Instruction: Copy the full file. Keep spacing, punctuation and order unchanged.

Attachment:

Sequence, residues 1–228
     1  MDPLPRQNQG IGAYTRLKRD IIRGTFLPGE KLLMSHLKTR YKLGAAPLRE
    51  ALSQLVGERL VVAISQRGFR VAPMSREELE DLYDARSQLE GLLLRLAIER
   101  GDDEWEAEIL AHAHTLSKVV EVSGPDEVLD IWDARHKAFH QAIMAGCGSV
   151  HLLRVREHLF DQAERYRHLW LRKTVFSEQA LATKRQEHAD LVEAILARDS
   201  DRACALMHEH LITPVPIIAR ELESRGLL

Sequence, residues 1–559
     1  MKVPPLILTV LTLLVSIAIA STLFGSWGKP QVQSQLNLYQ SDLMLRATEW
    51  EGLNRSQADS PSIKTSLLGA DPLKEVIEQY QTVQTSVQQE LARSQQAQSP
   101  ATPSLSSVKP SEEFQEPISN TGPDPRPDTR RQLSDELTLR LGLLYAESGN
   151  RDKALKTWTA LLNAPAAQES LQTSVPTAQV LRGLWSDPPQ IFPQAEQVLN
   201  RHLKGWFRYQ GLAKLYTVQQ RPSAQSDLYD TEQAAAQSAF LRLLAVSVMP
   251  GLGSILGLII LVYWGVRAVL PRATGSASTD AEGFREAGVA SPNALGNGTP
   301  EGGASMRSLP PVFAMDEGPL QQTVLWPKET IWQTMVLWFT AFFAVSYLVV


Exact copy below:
Sequence, residues 1–228
     1  MDPLPRQNQG IGAYTRLKRD IIRGTFLPGE KLLMSHLKTR YKLGAAPLRE
    51  ALSQLVGERL VVAISQRGFR VAPMSREELE DLYDARSQLE GLLLRLAIER
   101  GDDEWEAEIL AHAHTLSKVV EVSGPDEVLD IWDARHKAFH QAIMAGCGSV
   151  HLLRVREHLF DQAERYRHLW LRKTVFSEQA LATKRQEHAD LVEAILARDS
   201  DRACALMHEH LITPVPIIAR ELESRGLL

Sequence, residues 1–559
     1  MKVPPLILTV LTLLVSIAIA STLFGSWGKP QVQSQLNLYQ SDLMLRATEW
    51  EGLNRSQADS PSIKTSLLGA DPLKEVIEQY QTVQTSVQQE LARSQQAQSP
   101  ATPSLSSVKP SEEFQEPISN TGPDPRPDTR RQLSDELTLR LGLLYAESGN
   151  RDKALKTWTA LLNAPAAQES LQTSVPTAQV LRGLWSDPPQ IFPQAEQVLN
   201  RHLKGWFRYQ GLAKLYTVQQ RPSAQSDLYD TEQAAAQSAF LRLLAVSVMP
   251  GLGSILGLII LVYWGVRAVL PRATGSASTD AEGFREAGVA SPNALGNGTP
   301  EGGASMRSLP PVFAMDEGPL QQTVLWPKET IWQTMVLWFT AFFAVSYLVV